The measured peak V̇o2 in the LVAD patients, although significantly better than that in the heart failure patients, is lower than predicted on the basis of maximum device output. For example, in a man weighing 70 kg, peak V̇o2 should approach 25 mL · kg−1 · min−1, given a maximum device output of 10 L/min. Inability to achieve maximal performance may be the result of peripheral abnormalities and/or right ventricular dysfunction, which is not treated with LVAD support. Some of the abnormalities in the vasculature and/or skeletal muscle described in patients with heart failure may be irreversible. Katz et al10 demonstrated an improvement in the vasodilatory capacity of the LVAD patients but not a total normalization of the peak hyperemic response. Several studies have focused on acute right heart function after LVAD insertion, but none have described the effect of extended LVAD support on right ventricular function. Unfortunately, we do not have measurement of right ventricular function in our LVAD patients. Future studies on the contribution of right ventricular function to peak exercise capacity in these patients is also warranted.
In the LVAD patients, the Fick cardiac output was significantly greater than sensor measurements. Echocardiographic studies demonstrate that the aortic valve is usually closed at rest. With stress, there is an increased opening of the aortic valve and thus a contribution from the native heart.4 The increase in Fick cardiac output over the device measurement may be a useful parameter to evaluate myocardial recovery. The increment in Fick cardiac output over device output ranged from none to 10.3 L/min. Two patients with dilated cardiomyopathy in whom the Fick cardiac output exceeded device output by 7.4 and 6.4 L/min, respectively, were subsequently successfully explanted, ie, the device was removed without transplantation. In 1 patient in whom Fick cardiac output was >10 L/min higher than that with the LVAD sensor, myocardial recovery at the time of transplantation could not be evaluated because of surgical difficulties. Conversely, a reduction in the Fick cardiac output versus the LVAD sensor may also provide useful clinical information regarding either device malfunction or native aortic insufficiency. In 2 patients, Fick cardiac output was less than that with the device. One of these patients had moderate to severe aortic insufficiency that necessitated reoperation.
Exercise Hemodynamic and Ventilatory Measurements
During exercise, patients with heart failure develop substantial pulmonary hypertension.11 12 The marked pulmonary hypertension observed in heart failure patients during exercise was not observed in the device patients. Indeed, the pulmonary pressures of the device patients at peak exercise were similar to those of the heart failure patients at rest.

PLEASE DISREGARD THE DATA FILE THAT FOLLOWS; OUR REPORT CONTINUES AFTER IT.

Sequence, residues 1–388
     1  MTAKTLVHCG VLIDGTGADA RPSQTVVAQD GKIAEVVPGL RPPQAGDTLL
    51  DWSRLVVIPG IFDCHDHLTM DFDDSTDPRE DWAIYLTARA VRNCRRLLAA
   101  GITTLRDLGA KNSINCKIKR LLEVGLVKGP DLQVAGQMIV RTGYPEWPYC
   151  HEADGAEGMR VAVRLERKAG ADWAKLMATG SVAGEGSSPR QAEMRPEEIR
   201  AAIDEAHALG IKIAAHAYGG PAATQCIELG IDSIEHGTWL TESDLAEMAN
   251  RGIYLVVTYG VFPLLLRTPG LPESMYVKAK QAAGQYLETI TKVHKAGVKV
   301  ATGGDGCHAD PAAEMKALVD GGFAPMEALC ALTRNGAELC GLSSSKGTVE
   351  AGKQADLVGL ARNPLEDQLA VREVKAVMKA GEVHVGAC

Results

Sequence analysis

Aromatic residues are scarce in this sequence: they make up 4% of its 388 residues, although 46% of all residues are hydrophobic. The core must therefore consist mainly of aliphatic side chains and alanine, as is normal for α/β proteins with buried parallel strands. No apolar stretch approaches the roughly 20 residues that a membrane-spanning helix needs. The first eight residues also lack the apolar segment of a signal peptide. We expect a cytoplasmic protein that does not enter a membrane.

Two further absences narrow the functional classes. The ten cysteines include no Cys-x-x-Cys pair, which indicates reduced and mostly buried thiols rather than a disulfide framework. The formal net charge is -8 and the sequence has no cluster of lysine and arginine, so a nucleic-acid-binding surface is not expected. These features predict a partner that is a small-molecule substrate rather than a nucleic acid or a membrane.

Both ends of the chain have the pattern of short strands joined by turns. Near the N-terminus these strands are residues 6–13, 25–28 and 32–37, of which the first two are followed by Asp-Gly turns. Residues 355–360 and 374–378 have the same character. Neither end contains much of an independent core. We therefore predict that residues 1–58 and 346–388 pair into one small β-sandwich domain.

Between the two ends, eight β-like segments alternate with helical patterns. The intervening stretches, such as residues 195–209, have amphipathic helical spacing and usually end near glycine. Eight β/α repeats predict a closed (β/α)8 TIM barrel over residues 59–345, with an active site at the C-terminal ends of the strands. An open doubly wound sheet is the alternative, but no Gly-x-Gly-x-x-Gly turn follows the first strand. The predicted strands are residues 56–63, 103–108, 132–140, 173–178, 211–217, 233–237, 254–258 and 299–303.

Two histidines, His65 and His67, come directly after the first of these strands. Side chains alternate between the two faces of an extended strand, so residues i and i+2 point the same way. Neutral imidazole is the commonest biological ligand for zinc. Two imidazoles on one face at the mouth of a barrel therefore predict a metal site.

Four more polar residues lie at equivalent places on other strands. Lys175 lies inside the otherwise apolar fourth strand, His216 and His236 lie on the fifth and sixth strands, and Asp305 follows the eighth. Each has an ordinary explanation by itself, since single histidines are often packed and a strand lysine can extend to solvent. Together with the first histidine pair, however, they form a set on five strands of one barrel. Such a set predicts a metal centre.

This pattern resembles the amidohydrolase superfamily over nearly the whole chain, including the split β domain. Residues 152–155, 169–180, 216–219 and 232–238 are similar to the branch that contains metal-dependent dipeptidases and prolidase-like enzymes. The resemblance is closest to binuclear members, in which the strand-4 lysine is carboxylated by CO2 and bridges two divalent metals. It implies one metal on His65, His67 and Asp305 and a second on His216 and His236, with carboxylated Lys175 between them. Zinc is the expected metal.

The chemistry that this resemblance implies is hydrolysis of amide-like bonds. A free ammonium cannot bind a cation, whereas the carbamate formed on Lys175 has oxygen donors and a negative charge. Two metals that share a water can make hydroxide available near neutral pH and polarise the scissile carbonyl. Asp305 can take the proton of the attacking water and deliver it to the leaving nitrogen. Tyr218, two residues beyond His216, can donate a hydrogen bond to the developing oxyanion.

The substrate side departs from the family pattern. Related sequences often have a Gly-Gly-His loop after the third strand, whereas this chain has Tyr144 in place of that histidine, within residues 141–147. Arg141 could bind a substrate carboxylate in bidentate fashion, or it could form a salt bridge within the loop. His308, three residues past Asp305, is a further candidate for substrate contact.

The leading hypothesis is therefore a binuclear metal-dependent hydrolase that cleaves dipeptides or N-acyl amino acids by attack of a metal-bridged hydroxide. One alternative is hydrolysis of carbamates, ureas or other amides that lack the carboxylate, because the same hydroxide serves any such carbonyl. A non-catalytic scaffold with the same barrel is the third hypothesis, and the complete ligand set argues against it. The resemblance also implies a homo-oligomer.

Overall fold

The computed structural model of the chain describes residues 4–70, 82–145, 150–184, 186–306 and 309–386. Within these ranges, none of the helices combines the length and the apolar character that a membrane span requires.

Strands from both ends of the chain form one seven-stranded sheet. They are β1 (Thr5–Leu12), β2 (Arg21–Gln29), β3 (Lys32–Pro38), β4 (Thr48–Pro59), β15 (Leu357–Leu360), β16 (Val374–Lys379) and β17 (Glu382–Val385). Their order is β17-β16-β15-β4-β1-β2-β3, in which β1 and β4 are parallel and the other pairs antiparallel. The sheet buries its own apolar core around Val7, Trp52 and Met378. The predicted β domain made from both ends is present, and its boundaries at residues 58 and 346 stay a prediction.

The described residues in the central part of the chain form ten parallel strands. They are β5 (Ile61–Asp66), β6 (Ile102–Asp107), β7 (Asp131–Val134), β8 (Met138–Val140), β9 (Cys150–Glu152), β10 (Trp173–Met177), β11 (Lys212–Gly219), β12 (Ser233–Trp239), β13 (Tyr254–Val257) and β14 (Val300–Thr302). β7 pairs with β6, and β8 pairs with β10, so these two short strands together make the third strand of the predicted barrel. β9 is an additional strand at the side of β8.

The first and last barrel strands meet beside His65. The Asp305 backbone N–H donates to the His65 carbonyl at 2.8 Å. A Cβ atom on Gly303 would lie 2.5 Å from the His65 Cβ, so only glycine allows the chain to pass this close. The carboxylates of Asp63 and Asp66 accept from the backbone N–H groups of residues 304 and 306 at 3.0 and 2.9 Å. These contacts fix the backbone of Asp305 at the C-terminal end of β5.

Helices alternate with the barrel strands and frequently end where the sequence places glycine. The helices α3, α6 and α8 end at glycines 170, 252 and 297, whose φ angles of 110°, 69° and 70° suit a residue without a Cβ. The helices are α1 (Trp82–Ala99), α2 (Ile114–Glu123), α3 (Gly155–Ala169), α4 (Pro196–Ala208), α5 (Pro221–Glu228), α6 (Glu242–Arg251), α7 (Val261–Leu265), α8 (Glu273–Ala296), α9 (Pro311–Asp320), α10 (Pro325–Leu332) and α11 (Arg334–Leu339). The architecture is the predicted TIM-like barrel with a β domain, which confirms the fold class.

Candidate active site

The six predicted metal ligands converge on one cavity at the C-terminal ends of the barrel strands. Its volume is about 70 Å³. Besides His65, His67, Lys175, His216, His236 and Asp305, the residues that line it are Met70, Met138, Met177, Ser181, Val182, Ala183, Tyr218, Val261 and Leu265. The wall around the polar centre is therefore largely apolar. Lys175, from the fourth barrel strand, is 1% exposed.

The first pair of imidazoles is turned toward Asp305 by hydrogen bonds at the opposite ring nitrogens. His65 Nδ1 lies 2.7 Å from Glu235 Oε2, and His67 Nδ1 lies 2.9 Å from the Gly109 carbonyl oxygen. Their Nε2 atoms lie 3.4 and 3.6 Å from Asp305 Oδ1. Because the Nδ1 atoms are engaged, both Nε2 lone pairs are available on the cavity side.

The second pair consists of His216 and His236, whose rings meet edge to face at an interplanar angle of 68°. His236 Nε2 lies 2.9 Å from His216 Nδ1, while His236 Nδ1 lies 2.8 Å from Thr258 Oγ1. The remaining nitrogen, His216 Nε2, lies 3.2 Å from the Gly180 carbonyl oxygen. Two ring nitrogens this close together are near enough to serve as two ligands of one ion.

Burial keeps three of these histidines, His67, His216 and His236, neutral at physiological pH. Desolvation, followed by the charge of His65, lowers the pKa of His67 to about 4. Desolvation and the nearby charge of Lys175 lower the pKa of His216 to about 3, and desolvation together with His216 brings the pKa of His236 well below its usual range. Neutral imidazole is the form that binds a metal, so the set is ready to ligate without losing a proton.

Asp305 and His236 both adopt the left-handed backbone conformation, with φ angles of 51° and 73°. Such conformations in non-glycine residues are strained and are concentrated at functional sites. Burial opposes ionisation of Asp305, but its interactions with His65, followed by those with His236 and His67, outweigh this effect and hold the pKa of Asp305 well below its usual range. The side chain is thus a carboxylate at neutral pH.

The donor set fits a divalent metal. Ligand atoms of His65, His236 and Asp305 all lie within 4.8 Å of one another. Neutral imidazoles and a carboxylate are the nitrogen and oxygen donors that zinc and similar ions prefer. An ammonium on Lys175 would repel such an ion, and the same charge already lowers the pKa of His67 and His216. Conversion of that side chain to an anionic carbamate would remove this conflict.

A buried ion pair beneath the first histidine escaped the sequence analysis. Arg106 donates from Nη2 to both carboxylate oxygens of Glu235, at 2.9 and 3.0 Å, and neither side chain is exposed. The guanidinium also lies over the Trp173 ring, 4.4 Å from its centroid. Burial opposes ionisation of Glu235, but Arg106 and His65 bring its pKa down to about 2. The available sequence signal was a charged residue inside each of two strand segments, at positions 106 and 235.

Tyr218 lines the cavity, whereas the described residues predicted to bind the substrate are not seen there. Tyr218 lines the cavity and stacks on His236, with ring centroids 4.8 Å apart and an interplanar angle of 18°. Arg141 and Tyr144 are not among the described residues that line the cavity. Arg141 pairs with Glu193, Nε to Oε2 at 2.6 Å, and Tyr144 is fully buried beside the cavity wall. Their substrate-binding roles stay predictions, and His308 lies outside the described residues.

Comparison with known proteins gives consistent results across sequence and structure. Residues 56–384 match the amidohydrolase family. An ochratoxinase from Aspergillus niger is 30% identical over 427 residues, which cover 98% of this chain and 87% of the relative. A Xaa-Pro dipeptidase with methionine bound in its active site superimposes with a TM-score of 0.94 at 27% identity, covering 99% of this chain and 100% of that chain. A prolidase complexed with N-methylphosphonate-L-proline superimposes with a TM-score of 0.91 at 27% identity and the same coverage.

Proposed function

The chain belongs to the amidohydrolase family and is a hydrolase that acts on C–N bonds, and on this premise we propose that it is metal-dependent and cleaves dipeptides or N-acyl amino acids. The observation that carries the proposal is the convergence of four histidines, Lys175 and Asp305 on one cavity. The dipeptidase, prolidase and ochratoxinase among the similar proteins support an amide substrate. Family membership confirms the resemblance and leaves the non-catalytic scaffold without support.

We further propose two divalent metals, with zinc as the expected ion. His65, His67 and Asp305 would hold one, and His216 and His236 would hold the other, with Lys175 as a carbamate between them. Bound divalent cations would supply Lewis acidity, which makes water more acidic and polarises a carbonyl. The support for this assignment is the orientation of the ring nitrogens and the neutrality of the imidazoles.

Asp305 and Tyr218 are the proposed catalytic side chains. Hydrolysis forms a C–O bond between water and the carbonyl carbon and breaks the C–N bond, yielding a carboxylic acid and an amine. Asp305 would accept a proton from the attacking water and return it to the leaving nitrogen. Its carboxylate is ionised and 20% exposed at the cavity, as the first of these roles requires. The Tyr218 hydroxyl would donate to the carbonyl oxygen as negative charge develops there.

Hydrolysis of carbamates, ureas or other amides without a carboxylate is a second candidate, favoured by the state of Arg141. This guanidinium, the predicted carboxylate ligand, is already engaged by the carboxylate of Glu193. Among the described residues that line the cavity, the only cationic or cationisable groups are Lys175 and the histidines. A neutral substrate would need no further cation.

During exercise, patients with heart failure have an excessive ventilatory response, possibly due to early onset of lactic acidosis, ventilation-perfusion mismatch from hypoperfusion leading to an increase in dead space ventilation, or respiratory muscle dysfunction.13 14 15 Surprisingly, the ventilatory response to exercise was similar between the 2 groups. Relief of pulmonary hypertension achieved with LVAD therapy had no impact on the chronic ventilatory response to exercise. This finding is consistent with prior reports that acute vasodilation does not affect the ventilatory response in patients with chronic heart failure.16
The improvement in cardiac output provided by the device could alleviate dyspnea by mechanisms involving both the peripheral skeletal muscle and lung perfusion.17 Despite the improved hemodynamics at rest and throughout exercise provided by the LVAD, levels of perceived dyspnea during submaximal workloads only tended to be less in LVAD patients. The absence of any significant improvement in the level of dyspnea or ventilation in the LVAD patients suggests that these abnormal responses may be due to chronic changes in the lungs or the periphery.
This study is limited in that consecutive LVAD and transplant candidates did not undergo study. Many LVAD patients refused Swan-Ganz catheterization. Many LVAD patients received transplants before the exercise study was scheduled. Patients with CHF on inotropic support were not studied, and CHF patients who were considered too well for transplantation on the basis of NYHA class, exercise performance, ejection fraction, and/or suboptimal medical regimens did not undergo right heart catheterizations. The random sampling of both groups may have skewed the results.
Exercise performance of ambulatory LVAD patients ≈3 months after device insertion is significantly better than that of ambulatory transplant candidates. Exercise performance in the majority of LVAD patients is comparable to that of patients with mild CHF. The increase in V̇o2 is comparable to that afforded by cardiac transplantation and better than any single medical therapy. LVAD therapy may provide not only an effective temporary bridge to transplantation but also appropriate chronic therapy.
Reprint requests to Donna M. Mancini, MD, Division of Circulatory Physiology, Department of Medicine, Columbia Presbyterian Medical Center, 622 W 168th St, New York, New York 10032.
- Received January 29, 1998.
- Revision received May 5, 1998.
- Accepted May 20, 1998.
- Copyright © 1998 by American Heart Association